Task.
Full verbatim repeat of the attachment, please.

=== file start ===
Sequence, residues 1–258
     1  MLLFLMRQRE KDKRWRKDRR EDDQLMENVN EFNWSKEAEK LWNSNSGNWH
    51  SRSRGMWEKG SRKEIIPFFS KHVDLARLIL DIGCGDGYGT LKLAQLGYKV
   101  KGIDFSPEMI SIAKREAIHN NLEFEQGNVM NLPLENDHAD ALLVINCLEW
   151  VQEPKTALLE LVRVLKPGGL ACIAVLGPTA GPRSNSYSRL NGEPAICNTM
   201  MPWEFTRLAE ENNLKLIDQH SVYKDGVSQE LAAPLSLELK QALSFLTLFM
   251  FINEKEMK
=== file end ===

Sequence, residues 1–258
     1  MLLFLMRQRE KDKRWRKDRR EDDQLMENVN EFNWSKEAEK LWNSNSGNWH
    51  SRSRGMWEKG SRKEIIPFFS KHVDLARLIL DIGCGDGYGT LKLAQLGYKV
   101  KGIDFSPEMI SIAKREAIHN NLEFEQGNVM NLPLENDHAD ALLVINCLEW
   151  VQEPKTALLE LVRVLKPGGL ACIAVLGPTA GPRSNSYSRL NGEPAICNTM
   201  MPWEFTRLAE ENNLKLIDQH SVYKDGVSQE LAAPLSLELK QALSFLTLFM
   251  FINEKEMK